Mon Panier

Ride for the Rivers

by Jim Little
Holiday 2008

Horseback riders filled the leafy Plaza de Armas in Coyhaique, southern Chile, their flags of patriotism and signs of protest flapping in the Patagonia wind. Thousands of supporters cheered and honked their horns as 125 cabalgata riders filed past – gauchos and farmers in traditional woolen ponchos riding alongside environmentalists in polyester fleece. About 30 of them had traveled the 200 miles from Cochrane, some 100 miles of it on horseback, over nine days through the region’s small towns and sparsely inhabited countryside to show the media, their elected officials and certain transnational companies that they were united against the damming of their wild rivers.

Environmental activists in southern Chile helped to organize the ride. They called it Cabalgata Patagonia Sin Represas (Horseback Ride for a Patagonia without Dams). Their aim was to protest HidroAysén – a $3 to $4 billion hydroelectric scheme that, if fully realized, would build five massive dams by 2020 in the Aysén region. Two would go on the Baker River, three more on the Pascua – along with 1,500 miles of transmission lines, the longest in the world.

The dams would capture the furious turquoise flow emanating from the two largest ice caps outside Greenland and Antarctica to spin turbines for electricity. The transmission lines would run north, held by towers more than 200 feet high. Following a winding corridor almost 400 feet wide, a thousand miles of forest would be clear-cut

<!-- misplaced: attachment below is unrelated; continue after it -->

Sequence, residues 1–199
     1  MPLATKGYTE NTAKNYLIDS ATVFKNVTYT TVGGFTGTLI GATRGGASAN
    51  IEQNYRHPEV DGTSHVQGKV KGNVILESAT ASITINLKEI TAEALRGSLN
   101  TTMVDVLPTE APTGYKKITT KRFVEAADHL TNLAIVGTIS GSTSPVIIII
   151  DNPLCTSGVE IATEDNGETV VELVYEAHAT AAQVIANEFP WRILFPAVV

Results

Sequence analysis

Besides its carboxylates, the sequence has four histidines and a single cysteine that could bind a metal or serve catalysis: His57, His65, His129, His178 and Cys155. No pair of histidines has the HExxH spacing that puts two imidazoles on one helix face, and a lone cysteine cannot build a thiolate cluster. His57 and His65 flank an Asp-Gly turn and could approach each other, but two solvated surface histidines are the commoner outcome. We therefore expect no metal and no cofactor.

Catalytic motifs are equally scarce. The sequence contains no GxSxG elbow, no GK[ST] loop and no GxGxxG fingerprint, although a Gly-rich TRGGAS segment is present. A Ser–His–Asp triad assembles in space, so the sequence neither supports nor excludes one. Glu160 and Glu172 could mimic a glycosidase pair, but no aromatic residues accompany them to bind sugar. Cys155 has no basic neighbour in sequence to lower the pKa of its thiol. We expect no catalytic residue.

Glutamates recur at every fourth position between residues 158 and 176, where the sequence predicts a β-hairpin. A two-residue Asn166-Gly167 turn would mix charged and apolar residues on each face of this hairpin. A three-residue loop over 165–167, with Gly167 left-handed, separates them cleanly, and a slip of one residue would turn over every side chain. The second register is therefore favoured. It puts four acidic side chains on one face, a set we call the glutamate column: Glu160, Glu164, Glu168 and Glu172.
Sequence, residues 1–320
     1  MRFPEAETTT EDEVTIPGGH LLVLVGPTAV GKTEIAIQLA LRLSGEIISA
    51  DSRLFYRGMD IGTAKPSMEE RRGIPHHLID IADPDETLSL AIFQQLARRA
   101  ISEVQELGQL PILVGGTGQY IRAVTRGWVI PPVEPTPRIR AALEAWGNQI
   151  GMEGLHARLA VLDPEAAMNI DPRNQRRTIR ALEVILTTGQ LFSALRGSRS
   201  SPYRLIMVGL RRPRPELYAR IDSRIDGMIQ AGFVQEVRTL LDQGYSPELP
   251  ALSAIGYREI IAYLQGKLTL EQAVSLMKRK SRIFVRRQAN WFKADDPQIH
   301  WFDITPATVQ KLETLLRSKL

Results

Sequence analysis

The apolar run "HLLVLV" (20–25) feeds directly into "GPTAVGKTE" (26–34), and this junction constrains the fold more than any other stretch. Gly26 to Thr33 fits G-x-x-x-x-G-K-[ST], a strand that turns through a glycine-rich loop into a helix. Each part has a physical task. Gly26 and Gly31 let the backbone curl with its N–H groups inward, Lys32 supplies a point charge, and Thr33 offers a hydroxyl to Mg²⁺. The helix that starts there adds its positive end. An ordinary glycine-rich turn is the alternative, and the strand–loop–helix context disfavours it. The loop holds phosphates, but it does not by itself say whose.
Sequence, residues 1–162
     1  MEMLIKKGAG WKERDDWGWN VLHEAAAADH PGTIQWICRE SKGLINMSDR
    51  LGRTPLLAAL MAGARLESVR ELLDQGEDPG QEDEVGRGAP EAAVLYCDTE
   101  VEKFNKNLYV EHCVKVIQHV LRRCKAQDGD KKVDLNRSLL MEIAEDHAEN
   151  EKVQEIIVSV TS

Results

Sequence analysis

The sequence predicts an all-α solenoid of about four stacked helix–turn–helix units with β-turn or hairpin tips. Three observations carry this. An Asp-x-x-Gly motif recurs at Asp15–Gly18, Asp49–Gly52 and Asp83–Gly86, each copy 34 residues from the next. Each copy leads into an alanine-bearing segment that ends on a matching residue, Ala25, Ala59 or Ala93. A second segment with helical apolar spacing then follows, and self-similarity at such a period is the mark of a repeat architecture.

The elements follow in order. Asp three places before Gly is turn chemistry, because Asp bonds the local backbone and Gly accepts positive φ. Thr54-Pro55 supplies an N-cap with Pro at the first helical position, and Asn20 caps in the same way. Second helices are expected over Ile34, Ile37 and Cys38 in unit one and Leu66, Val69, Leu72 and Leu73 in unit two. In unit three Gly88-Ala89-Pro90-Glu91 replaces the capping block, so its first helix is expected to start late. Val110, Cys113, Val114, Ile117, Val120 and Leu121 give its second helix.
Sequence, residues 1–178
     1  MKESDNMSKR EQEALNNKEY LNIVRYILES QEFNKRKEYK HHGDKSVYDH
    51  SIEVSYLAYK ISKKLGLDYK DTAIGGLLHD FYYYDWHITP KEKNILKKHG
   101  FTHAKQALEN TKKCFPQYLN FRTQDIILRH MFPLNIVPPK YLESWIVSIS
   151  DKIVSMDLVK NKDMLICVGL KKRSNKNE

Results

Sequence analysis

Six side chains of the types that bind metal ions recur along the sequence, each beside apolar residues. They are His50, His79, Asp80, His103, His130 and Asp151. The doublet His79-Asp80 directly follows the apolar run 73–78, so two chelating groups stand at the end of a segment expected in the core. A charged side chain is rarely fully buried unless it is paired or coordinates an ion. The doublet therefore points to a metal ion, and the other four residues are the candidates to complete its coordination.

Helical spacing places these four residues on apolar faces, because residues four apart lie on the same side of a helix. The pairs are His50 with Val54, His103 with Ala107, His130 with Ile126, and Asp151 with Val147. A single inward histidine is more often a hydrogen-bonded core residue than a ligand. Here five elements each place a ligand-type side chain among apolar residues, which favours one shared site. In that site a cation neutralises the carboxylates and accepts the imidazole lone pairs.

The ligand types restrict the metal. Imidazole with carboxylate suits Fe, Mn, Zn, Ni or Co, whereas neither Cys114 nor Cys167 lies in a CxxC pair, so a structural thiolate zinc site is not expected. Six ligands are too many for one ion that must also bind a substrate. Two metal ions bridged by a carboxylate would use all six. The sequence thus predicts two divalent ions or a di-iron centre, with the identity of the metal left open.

and the rest of the corridor’s path similarly cleared. The corridor would intersect 64 communities and 14 protected areas. It would divide endangered forests and some of Chile’s most spectacular national parks.

With all dams functioning, the lines would deliver 2,750 megawatts of electricity to Chile’s central grid – approximately 20 percent of the nation’s current total. The country’s urban and industrial areas around Santiago would consume some of it. But the energy is most needed to supplement the growing demands of the lucrative mining
operations that lie farther north.

À propos de l'auteur
Jim Little is a writer and editor at Patagonia, whose keen appreciation for the natural world and long-time interest in Latin America have taken him there on several occasions. In 2007, he became better acquainted with Chile’s resource challenges and opportunities while volunteering on a forest project in Region IX through Patagonia’s environmental internship program.